McDuffie and Coye are responding to a broad national racial context, especially regarding college campuses. Though “only 9.6 percent of all full-time freshmen in 1990 were black” (Phillips 1994), a 1990 New York Times article reports that “racial discord has risen with the percentage of minority students,” citing “two firebombings and the spray-painting of racist graffiti on a wall of a black-student center” at Wesleyan (Rierden). Several colleges had faced accusations of unfairly limiting Asian enrollments during the 80s, with Berkeley publicly apologizing and Brown acknowledging the role of unconscious bias (Takagi 578). Black students at Brown also faced racist graffiti, “Niggers go home,” painted outside their dorms (“The State of History”). Charles Lawrence lists similar incidents at over a dozen other schools, including: “Racist leaflets in dorms … White Supremacists distribute flyers … Bomb threats … Shot fired … “(431-3).

Coye condenses nation-wide events into a single day at Marvel’s Empire State University: “Last night there were about a dozen RM attacks, including an explosion in the Women’s Studies department – several beatings of leaders in the Asian, Black and Jewish communities,” plus “hundreds” of Sons of the Serpent rally flyers: “Wake Up White People! Fight for your rights!”

Early 1990s racial debate extended well beyond campuses. Dana Takagi observes how neoconservatives used the issue of enrollment to shift national conversation “from one about discrimination against Asian Americans (1983-1986) to one about diversity in the University (1987-88), to, most recently, one about how affirmative action programs systematically disadvantage highly qualified Asian American students (1989-90)” in order to oppose affirmative action generally (579). The 1978 Supreme Court decision U. of California v. Bakke established that, while race could be considered as part of admissions decisions, racial quotas violated the Fourteenth Amendment. In the 1989 decision City of Richmond vs. Croson, which invalidated a requirement that 30% of construction subcontracts go to minority-owned businesses, Justice O’Connor wrote in the majority opinion: “The dream of a Nation of equal citizens in a society where race is irrelevant to personal opportunity and achievement would be lost in a mosaic of shifting preferences based on inherently unmeasurable claims of past wrongs.” President Bush cited “the destructive force of quotas” after vetoing the Civil Rights Act of 1991, which would have strengthened the anti-discrimination employment measures of the 1964 Act. In 1992, William L. Taylor and Susan M. Liss concluded: “Affirmative action is under siege in the 1990s. The courts are no longer a friendly forum for deprived and powerless citizens who in the past were often able to find redress when it was denied in the more political arenas” (35).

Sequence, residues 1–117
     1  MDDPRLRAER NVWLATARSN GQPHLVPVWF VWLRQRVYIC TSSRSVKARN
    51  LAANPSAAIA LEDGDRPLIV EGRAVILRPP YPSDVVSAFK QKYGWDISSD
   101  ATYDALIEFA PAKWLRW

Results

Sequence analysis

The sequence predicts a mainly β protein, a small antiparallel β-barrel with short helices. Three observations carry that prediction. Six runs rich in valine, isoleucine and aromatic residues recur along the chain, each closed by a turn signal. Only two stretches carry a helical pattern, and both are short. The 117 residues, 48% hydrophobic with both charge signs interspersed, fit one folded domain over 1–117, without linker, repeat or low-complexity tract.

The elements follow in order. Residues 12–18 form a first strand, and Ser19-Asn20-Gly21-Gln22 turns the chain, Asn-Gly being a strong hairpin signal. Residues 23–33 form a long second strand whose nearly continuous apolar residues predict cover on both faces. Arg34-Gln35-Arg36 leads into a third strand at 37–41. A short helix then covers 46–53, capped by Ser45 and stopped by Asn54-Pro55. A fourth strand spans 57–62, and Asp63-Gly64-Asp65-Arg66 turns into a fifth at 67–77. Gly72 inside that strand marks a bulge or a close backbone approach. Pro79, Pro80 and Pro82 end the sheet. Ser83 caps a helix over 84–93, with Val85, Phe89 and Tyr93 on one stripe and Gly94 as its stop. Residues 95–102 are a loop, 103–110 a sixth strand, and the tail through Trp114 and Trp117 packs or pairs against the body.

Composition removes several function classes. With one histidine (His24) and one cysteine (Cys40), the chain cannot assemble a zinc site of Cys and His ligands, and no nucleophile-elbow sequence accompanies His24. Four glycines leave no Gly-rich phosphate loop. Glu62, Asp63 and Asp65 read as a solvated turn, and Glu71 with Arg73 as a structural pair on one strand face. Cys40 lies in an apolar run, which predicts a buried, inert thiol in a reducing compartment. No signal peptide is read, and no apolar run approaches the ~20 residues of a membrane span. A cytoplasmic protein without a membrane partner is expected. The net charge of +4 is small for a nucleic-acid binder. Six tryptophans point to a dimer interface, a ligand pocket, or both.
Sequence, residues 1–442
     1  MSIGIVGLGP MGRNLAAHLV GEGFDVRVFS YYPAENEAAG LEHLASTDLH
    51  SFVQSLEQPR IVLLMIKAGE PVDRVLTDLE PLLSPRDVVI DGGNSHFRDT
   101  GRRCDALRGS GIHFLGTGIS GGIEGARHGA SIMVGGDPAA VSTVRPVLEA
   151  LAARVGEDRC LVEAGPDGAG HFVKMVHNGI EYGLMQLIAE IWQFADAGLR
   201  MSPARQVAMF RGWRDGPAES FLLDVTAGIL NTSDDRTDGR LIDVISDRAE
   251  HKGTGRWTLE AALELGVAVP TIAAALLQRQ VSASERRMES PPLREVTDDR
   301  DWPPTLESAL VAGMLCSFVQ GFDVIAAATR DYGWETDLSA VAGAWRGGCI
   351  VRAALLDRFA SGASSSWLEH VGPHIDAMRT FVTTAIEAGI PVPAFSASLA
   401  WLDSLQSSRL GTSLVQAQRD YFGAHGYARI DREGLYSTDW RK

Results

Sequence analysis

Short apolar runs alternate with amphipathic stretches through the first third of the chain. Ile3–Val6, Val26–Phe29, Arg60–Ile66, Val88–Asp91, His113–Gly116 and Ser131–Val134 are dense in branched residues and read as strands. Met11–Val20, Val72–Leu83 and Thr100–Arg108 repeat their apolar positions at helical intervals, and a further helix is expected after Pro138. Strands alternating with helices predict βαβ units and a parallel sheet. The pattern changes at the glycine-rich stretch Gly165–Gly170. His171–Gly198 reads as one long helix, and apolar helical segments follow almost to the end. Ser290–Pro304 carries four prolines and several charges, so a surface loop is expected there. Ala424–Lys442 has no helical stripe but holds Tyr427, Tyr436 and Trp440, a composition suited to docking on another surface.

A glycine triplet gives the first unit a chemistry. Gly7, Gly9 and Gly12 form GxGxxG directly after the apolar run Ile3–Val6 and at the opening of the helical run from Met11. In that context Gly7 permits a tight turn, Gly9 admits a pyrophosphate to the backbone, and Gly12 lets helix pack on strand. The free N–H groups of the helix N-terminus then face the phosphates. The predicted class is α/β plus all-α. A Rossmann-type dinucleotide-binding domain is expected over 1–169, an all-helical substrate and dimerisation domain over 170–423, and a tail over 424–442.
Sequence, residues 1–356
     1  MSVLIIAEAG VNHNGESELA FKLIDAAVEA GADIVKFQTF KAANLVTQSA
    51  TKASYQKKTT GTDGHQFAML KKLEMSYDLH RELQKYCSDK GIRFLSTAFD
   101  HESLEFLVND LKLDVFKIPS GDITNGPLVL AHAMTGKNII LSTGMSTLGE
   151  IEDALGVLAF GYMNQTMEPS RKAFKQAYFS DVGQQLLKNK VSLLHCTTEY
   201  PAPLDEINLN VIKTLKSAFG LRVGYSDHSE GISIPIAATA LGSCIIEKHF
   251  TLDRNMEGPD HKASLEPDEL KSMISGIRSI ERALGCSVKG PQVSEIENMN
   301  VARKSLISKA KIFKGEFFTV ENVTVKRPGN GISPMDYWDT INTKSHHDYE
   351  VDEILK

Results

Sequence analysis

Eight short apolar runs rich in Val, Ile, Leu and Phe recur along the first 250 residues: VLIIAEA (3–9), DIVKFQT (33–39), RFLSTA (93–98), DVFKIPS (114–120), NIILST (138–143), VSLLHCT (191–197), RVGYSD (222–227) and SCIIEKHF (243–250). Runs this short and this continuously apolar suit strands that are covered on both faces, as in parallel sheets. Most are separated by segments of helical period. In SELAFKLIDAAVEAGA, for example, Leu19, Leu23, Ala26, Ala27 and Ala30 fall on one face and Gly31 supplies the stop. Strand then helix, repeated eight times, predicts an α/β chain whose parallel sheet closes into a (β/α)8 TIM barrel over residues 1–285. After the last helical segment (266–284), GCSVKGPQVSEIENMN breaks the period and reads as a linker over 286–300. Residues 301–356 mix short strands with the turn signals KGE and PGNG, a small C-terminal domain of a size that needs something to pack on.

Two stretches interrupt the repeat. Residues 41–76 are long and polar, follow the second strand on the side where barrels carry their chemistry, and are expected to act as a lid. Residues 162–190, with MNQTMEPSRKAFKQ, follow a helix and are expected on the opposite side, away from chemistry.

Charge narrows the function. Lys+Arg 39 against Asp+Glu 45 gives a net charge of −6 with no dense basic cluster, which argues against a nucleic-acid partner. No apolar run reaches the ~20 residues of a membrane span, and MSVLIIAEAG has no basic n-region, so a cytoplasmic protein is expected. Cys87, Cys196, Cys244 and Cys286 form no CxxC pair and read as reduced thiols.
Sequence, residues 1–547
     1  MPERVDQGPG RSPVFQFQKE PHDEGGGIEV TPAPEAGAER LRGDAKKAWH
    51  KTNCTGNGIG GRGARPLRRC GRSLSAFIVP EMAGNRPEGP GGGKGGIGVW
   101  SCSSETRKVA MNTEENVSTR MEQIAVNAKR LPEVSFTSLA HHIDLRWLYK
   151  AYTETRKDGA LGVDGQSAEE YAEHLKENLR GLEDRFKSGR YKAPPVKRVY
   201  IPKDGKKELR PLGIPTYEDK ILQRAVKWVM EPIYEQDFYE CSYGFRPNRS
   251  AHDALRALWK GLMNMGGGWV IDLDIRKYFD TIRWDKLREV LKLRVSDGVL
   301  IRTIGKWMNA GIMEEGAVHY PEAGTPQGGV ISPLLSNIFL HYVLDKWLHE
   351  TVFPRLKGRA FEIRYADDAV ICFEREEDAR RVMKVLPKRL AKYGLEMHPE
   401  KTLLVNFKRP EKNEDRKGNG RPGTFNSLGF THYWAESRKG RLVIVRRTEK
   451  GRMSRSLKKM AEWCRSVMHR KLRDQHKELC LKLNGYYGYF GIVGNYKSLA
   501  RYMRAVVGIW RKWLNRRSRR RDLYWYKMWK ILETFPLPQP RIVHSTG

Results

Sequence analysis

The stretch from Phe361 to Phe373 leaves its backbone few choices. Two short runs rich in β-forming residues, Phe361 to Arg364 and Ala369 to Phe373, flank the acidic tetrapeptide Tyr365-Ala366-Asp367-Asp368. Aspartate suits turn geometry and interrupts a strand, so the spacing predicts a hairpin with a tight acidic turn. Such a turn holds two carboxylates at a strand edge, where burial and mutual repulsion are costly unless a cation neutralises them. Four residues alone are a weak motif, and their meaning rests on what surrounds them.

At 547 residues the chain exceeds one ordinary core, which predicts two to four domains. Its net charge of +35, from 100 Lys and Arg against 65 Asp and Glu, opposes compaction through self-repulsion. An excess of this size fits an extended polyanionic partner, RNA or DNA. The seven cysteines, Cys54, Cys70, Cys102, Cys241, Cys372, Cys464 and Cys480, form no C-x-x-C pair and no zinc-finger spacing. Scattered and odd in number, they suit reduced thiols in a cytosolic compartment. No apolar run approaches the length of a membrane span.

Coye lampoons anti-quota rhetoric with the Sons member’s accusation that Asian students are “taking all the university spaces away from average students,” since the anti-Asian policies achieved the opposite. Coye also frames the national debate in pro-American terms. While his narrator calls Sons of the Serpent “one of the most dangerous hate groups in recent history,” Coye’s Captain America calls them a “terrorist group who would deny others their fair share of the American dream” and is unable to imagine a “larger offense.”